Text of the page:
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Old April 27th, 2004, 05:53 PM
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babsbeeble babsbeeble is offline
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Unhappy Mouthy or biting dogs

My 7 month old golden retriever, Molly, has some biting issues. We have tried, since we got her, to say OUCH, to freeze, holding her nose and saying NO etc. It seems like we've tried it all! But, she still will get bitey with us.
It starts of as a game to her, I think, and she doesn't understand that it is hurting us. It eventually gets to the point that she has to have a 'time out', but that only solves the problem temporairily.
We always have chew toys available for her, and frequently give her Kong treats and ice cubes. I don't like the idea of rewarding her when she bites by giving her something she likes. Although, she does respond well to reward when doing something positive, like teaching her to sit, lay down etc.
I am running out of ideas, and patience! Can anyone help!
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Old April 27th, 2004, 06:08 PM
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melanie melanie is offline
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when a dog bites or nips i find it is best when the dog bites, to immeadiatly put the dog in his naughty place or crate and do not say a word. every time he bites say ouch and remove the dog to solitude or even just ignore it. if he bites, no or ouch and immeadiate solitary confinement., he will soon associate the biting with the seperation and punishment and hopefully figure it out. but hey, im no dog trainer, just a thought.
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Old April 27th, 2004, 07:20 PM
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I've heard of substituiting a positive command for a negative action: Dog bites, "ouch!" "Sit" type of thing.
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Old April 27th, 2004, 07:40 PM
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babsbeeble babsbeeble is offline
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I don't have a problem putting her in time out, which we usually do right away when she gets out of control. The only problem is that her time out crate is the same place we have to put her when we leave the house, because we can't trust her yet to be out on her own when we aren't there. She is a bit too distrucive to my couch!

What do you think of us using the bathroom with the light out as a different place for her to go when she is bad. That way she may know she is in trouble because she is in a different place, and still isolated from us.

We have tried telling her to sit when she starts biting to get her to stop, but we have trouble calming her down, and getting her to listen to us. I don't want to introduce a treat to get her to sit in that situation either, because I don't want her to associate barking/biting with reward.

We have yet to start a formal obedience training with her, because in the town where I am, there isn't a class constantly running. Will it help stop the biting when we can finally get her into a class?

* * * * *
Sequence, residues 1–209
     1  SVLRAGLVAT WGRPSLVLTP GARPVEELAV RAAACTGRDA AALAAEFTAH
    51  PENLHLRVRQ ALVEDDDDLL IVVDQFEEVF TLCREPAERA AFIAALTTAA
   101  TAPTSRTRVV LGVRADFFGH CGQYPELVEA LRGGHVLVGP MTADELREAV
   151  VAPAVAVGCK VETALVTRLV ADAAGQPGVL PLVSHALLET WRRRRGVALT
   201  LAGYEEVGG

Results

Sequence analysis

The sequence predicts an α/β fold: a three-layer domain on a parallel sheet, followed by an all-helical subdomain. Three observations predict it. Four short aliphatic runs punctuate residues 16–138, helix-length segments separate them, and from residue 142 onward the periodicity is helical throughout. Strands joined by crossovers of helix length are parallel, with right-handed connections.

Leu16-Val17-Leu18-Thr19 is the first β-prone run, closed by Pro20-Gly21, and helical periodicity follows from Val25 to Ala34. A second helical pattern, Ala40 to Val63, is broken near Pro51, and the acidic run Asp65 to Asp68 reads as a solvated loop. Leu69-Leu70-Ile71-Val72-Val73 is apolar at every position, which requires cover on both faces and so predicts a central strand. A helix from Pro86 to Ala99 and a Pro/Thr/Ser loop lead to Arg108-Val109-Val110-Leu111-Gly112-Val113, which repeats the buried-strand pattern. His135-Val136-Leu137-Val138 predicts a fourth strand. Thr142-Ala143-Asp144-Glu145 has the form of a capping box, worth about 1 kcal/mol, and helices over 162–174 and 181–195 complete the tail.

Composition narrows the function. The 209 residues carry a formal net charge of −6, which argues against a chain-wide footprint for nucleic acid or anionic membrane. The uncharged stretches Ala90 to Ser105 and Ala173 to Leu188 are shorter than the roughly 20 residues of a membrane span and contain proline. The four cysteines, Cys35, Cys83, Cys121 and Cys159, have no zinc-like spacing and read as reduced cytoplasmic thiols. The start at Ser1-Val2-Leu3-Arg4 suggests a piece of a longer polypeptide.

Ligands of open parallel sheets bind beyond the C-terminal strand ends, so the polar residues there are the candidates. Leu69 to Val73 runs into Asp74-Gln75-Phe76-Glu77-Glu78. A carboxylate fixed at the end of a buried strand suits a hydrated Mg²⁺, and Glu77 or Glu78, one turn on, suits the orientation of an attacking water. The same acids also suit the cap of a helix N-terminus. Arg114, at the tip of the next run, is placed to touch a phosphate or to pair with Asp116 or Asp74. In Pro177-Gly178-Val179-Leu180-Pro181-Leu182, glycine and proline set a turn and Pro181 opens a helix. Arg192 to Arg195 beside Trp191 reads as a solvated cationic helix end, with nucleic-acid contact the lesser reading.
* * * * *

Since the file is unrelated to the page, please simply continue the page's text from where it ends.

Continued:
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Old April 27th, 2004, 08:02 PM
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i thinkwhen you start dog schoolthings will get better, the dog will learn manners and training and you will have a professional trainer on hand. do you have a laundry you can put her in?? the light of in the bathroom may just be a little too scary for her and may make her have other problems. i have a large dog so i need control, so in the past when i have had no where to put her for confinement (visiting ect) i have taken her right down the back of the yard and put her on a rope for 5 minutes never aly longer), no one is allowed near her when we do this and she hates it (i haveonly had to do it a few times. i am careful and always watch her constantly in this situation, so she wont choke ect which is easily done). i think it is the fact that we take her away from everyone else to total isolation that she really gets it, be naughty and you will not be accepted in the group. and often we laugh and have noisy fun when she is isolated to demonstrate that we are having fun and she can come back and join in when she can behave. it always works for me. but yeah i would say dog school is your best start.
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Old April 27th, 2004, 11:51 PM
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LavenderRott LavenderRott is offline
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Time out is a human concept that dogs don't grasp quite the same way. If your dog is biting your hands when you play, pull your hands up out of reach and turn your back to the dog.

I have a rottweiler, so I spend a lot of time communicating with rottweiler owners and trainers. When teaching bite inhibition, which is what you are trying to do, it is often recommended to redirect the bite from you to some type of toy. If this is done consistantly, the dog learns to chew on the approved toy and not you. You are not rewarding the dog, you are teaching it that it can chew on "this" but not "this".
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